Each time a vehicle brakes, accelerates or turns a corner, its tyres send tiny rubber particles airborne which adds up to half a million tonnes of tyre dust annually in Europe alone, according to the International Journal of Environmental Research and Public Health (IJERPH).These tiny particles also contribute to dangerous road transport particulate emissions and microplastic pollution in water. A group of students from the UK have invented an award-winning way of trapping tyre dust at their source – their prototype device wraps closely around the edge of the tyre and by using the electrostatics/aerodynamics of a spinning wheel collects rubber particles as they are emitted.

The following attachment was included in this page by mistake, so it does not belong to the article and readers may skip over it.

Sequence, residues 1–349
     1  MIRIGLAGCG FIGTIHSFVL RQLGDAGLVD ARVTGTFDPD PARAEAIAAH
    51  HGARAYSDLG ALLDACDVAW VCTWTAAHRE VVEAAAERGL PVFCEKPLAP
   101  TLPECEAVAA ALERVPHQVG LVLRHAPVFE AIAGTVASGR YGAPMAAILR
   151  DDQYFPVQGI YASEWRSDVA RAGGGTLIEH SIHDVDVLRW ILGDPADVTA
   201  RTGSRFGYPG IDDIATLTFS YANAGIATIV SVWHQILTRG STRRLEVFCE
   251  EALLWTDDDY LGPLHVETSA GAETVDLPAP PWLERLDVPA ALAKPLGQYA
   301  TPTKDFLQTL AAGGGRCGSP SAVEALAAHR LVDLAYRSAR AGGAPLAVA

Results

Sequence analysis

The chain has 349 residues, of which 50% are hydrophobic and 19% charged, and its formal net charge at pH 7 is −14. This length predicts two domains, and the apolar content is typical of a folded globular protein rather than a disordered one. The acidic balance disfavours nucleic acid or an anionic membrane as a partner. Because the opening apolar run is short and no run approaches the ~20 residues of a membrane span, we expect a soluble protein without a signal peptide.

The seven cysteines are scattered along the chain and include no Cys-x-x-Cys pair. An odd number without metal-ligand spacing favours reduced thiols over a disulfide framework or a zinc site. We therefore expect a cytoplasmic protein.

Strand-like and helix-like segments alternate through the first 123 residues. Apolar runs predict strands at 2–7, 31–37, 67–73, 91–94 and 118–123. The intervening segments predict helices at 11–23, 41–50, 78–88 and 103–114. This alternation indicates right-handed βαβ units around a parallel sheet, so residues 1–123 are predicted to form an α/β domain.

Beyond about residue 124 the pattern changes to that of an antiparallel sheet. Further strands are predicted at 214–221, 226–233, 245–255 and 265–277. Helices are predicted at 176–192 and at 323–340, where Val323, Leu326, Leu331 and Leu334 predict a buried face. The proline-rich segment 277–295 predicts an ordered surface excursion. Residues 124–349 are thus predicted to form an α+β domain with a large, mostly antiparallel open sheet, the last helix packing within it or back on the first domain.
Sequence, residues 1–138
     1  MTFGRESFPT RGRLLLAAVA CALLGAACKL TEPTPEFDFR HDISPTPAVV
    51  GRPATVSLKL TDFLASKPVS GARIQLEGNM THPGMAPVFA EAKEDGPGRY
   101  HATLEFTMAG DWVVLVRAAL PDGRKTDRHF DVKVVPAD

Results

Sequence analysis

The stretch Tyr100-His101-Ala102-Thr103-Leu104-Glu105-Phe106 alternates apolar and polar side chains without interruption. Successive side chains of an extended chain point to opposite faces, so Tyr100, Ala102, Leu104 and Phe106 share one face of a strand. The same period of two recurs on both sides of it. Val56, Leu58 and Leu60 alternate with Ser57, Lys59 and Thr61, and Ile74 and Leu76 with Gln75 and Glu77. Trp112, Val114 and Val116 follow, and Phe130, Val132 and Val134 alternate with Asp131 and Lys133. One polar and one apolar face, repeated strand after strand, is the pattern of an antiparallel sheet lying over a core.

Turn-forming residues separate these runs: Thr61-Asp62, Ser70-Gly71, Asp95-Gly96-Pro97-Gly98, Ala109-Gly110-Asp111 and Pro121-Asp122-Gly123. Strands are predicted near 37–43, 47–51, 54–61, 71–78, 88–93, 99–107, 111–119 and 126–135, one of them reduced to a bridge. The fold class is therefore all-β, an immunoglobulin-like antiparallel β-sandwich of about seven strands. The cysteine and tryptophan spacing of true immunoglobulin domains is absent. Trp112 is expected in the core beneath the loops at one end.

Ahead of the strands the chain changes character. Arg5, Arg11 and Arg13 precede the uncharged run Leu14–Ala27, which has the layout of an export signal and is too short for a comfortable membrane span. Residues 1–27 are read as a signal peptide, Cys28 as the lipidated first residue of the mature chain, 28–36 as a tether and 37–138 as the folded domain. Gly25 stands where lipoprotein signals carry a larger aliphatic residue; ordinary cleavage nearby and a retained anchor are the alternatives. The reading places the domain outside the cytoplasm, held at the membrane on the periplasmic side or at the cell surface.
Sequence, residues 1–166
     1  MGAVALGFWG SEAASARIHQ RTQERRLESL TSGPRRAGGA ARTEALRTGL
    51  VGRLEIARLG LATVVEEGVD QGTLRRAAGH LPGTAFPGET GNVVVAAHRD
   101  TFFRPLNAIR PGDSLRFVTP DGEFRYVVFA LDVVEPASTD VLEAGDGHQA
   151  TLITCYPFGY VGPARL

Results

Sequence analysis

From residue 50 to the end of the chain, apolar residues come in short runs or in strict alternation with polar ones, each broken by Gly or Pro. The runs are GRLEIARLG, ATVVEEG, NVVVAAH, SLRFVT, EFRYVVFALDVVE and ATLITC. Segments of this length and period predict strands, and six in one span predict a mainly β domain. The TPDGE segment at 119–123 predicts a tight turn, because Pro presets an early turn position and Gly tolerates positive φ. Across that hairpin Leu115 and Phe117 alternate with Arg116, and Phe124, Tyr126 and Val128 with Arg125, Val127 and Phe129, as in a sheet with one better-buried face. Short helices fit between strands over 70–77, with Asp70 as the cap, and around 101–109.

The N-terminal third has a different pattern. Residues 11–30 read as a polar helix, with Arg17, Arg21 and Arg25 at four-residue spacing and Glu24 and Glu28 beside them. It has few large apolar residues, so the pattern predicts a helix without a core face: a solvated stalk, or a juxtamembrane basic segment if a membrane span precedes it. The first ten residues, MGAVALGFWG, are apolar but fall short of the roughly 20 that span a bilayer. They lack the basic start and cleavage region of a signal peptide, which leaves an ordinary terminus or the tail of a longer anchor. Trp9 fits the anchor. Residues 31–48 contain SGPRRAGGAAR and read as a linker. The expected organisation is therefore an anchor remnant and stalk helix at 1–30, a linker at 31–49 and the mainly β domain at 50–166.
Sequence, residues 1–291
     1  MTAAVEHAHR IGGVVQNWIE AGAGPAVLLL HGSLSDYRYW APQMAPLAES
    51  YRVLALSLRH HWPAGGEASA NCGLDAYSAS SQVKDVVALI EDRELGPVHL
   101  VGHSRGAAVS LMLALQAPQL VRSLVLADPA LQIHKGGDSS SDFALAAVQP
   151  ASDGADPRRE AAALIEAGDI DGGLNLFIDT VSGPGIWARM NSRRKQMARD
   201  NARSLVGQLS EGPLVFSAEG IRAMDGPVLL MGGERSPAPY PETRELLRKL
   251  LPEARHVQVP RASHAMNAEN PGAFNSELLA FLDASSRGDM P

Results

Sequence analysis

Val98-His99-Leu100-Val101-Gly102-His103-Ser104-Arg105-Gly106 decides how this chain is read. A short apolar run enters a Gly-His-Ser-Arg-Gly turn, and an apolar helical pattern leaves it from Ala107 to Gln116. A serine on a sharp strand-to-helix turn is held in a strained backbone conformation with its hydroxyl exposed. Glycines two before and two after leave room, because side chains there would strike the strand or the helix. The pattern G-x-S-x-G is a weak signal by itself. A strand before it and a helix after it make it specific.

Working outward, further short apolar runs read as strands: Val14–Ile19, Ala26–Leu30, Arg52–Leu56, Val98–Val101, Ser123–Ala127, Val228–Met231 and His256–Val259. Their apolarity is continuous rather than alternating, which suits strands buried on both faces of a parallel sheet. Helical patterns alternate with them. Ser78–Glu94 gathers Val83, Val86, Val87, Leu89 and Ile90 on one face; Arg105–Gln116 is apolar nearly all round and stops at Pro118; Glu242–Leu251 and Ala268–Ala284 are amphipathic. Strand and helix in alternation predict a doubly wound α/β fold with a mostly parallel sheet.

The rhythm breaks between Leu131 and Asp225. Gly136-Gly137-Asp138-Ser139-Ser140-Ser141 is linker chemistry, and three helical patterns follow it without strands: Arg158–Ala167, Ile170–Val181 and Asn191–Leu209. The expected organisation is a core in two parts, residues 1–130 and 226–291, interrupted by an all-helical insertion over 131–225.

Siobhan Anderson, one of the inventors and a member of the Innovation Design Engineering programme offered jointly by Imperial College London and the Royal College of Art explained that the tyreparticles can be easily inhaled and cause different lung diseases and even developmental issues.
“The particles can also enter our water systems and eventually make their way through our food chain and come back to us,” Anderson added.
The student inventors claimed their prototype can collect 60% of all airborne rubber particles from tyres under a controlled environment on their test rig and believes the device may soon become essential as electric vehicle usage and tyre emissions increase.
Another student inventor, Hugo Richardson, said the coronavirus lockdown, which reduced traffic significantly, had given people a glimpse of how clean a city’s air could be. “I think we all realise that clean air in our cities is not a pipedream any more, but something that is immediately achievable with some clever innovation and some impetus from those in charge.”
The invention will now progress to the international stage of the James Dyson Award, to be announced on Nov. 19.